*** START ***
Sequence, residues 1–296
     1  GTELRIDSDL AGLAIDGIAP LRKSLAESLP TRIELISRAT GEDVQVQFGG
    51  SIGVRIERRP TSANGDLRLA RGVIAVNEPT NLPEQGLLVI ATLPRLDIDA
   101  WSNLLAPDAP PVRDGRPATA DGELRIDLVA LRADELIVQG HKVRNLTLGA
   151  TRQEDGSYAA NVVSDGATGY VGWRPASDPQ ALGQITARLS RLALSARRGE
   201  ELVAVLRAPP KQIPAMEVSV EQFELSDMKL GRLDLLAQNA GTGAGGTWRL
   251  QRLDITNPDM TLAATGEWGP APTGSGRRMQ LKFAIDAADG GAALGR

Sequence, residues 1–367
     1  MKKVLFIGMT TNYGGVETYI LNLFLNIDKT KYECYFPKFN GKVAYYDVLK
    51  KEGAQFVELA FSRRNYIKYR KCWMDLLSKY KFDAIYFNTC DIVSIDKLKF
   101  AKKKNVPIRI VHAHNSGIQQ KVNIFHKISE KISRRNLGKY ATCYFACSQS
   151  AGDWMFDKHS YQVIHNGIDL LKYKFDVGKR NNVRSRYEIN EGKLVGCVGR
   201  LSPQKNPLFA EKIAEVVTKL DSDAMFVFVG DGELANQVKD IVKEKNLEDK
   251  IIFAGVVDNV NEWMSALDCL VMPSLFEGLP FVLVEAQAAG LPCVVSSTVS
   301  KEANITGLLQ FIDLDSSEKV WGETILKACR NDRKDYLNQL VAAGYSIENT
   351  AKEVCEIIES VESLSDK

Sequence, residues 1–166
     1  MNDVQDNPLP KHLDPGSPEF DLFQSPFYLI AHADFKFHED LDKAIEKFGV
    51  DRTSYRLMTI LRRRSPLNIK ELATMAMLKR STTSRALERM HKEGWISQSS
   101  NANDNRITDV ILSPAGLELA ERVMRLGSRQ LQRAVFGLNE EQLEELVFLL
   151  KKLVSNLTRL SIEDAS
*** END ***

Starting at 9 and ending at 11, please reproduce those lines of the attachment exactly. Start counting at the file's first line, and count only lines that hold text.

     1  MKKVLFIGMT TNYGGVETYI LNLFLNIDKT KYECYFPKFN GKVAYYDVLK
    51  KEGAQFVELA FSRRNYIKYR KCWMDLLSKY KFDAIYFNTC DIVSIDKLKF
   101  AKKKNVPIRI VHAHNSGIQQ KVNIFHKISE KISRRNLGKY ATCYFACSQS